After a nine-month break in 1989, Metallica played nine shows in Europe to knock off the rust. The last of those was in Glasgow. Backstage afterwards, Lars and James made plans to meet in San Francisco in two weeks to start work on the new album. Lars handed James a cassette they called The Riff Tape. The Riff Tape did exactly what it said on the box. It was a collection of riffs that James, guitarist Kirk Hammett and bassist Jason Newsted had made during the 240-odd nights of the …Justice… tour. Its contents would form the basis of Metallica’s next studio album.
By the time of 1988’s …And Justice For All, Metallica had taken their expansive, heavily arranged sound to an almost unnatural conclusion; ‘convoluted’ doesn’t quite describe the way the band were now sounding. And although songs like One and Harvester Of Sorrow grew out of this increasingly sophisticated and creative regime, other material broke up on impact. It was dense and unwieldy, and not helped by a bone-dry production that drove Jason Newsted’s bass all but out of the mix and had Lars Ulrich wondering out loud some years later: “Why did we want a drum sound like matchboxes being hit?”
At the start of the 90s, Metallica had all but stripped the peripheral away. They shocked fans (easily shocked fans, admittedly) by employing former Bon Jovi producer Bob Rock to work on what would be their fifth album. Self- titled, but almost inevitably dubbed the ‘Black’ album, it’s understated artwork would draw comparisons with Spinal Tap almost instantly. That, of course, was until people heard it. Rich and brooding and dark it might have been, but it was almost always about the songs first. Even someone at their record company must have noticed as the band launched the album with a listening party for 10,000 people at Madison Square Garden.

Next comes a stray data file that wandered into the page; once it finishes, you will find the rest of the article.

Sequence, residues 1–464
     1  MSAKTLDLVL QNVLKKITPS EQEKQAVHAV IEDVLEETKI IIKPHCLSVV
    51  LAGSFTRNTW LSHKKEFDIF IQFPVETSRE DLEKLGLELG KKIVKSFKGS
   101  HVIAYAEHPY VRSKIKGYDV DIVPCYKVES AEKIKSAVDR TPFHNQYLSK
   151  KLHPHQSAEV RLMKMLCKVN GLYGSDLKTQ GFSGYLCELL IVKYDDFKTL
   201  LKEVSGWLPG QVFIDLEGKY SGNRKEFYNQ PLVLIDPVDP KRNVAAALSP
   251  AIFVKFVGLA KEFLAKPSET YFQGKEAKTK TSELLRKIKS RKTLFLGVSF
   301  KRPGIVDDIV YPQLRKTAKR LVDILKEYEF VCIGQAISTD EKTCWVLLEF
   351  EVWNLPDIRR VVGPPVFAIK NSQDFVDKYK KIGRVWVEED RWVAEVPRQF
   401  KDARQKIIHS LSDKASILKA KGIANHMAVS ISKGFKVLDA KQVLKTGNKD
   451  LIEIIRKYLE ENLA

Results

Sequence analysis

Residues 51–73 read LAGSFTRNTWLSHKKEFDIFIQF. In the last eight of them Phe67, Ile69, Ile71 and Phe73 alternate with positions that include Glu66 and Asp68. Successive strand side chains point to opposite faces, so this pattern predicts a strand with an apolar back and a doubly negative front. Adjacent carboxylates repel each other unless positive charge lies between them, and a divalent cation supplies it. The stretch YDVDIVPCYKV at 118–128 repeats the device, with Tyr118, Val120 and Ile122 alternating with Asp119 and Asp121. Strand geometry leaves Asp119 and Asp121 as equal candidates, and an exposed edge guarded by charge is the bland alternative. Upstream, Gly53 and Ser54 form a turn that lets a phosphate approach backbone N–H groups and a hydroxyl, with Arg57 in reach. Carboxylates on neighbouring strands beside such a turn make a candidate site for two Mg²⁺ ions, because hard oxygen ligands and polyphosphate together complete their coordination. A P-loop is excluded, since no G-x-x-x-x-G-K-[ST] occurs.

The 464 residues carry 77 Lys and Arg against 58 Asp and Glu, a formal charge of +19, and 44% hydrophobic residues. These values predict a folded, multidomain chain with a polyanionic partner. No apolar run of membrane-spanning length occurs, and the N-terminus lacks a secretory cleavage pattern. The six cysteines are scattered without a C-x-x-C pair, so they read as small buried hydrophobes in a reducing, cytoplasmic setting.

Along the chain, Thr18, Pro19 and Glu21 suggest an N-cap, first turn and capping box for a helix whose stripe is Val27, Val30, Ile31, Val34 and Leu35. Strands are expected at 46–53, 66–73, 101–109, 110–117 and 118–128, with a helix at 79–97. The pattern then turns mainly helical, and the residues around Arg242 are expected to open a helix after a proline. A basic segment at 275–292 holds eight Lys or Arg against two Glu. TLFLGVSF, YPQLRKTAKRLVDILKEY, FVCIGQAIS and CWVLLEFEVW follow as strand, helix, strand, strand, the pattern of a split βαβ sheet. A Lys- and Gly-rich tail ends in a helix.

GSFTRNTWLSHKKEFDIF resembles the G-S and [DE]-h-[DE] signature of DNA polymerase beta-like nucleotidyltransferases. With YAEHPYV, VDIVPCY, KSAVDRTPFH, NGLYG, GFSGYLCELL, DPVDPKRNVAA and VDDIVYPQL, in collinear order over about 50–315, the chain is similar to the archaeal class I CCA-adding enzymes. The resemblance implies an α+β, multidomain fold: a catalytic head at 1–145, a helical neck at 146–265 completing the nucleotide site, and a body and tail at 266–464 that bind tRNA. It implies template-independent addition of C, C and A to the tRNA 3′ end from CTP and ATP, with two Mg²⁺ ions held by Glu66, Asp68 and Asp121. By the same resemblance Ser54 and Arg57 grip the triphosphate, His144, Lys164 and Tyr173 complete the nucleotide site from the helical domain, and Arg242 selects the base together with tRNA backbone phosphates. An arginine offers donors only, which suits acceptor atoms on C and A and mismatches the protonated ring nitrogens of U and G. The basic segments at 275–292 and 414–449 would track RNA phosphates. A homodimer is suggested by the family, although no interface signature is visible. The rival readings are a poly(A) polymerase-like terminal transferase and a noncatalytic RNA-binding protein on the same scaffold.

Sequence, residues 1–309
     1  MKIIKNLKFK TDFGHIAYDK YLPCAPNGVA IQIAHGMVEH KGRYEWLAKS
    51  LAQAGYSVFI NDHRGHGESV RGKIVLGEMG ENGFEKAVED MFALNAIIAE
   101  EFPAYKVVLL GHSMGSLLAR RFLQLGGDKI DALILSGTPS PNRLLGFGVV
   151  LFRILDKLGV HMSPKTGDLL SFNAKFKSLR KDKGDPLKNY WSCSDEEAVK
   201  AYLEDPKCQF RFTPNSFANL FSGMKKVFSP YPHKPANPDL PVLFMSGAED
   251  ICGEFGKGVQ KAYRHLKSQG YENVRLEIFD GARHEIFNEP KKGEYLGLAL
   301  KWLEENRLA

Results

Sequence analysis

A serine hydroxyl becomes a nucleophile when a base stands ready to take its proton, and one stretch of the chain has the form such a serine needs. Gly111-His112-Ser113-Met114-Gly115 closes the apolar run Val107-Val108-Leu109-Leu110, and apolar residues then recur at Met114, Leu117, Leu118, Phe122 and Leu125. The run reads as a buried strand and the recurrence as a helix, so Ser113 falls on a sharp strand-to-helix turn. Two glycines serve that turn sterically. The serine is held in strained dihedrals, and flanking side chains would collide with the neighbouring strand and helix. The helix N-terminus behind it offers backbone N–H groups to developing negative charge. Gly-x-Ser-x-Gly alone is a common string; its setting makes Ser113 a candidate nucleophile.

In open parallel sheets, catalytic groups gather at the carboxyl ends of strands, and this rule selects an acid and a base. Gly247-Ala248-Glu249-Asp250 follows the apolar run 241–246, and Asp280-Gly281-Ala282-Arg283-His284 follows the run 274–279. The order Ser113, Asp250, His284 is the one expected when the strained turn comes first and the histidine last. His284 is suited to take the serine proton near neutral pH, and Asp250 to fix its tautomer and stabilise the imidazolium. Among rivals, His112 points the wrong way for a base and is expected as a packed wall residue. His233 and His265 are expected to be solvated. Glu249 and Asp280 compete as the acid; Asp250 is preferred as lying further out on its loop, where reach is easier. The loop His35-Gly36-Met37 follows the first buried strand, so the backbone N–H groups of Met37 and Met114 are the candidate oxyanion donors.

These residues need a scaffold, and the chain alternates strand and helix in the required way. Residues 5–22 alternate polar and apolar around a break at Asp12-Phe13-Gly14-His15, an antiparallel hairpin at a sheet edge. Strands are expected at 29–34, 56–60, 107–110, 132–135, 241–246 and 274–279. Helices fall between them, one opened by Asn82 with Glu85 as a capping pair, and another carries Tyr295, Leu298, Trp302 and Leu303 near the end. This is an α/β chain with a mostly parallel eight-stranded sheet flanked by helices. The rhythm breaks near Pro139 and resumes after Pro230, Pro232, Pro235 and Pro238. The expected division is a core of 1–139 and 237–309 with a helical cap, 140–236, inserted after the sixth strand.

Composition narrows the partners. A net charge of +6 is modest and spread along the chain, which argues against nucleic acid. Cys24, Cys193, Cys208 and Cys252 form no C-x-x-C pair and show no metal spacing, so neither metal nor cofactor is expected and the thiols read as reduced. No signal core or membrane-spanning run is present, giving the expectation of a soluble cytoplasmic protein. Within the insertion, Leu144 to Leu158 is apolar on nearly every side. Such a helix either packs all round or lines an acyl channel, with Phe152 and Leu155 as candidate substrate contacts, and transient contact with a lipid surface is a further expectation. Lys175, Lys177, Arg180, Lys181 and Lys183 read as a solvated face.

Several days later, at midnight, record stores across America opened their doors to an eager audience who propelled the album to the top of the US Billboard chart where it stayed for a month. A three-year-long world tour later, and it had sold in excess of 15 million copies. It had the kind of shelf life that managed to sustain five singles (in the US, at least), and in Nothing Else Matters a song you could dance to with your girlfriend. The album was so enigmatic and dazzling that no one even felt betrayed when James Hetfield started crooning at them. On the contrary, it became a high point of a live set usually designed to bludgeon an audience.
The album debuted at #1 in ten countries, and spent four consecutive weeks at the top spot of the Billboard 200, making it Metallica’s first album to top album charts and the group’s best-selling album, selling more than 25 million copies worldwide.
The album produced five hit singles that are considered today among the band’s best-known songs: “Enter Sandman”, “The Unforgiven”, “Nothing Else Matters”, “Wherever I May Roam”, and “Sad but True”.
Every great band takes the true artistic high ground once, and Metallica was the moment when Metallica found their footing.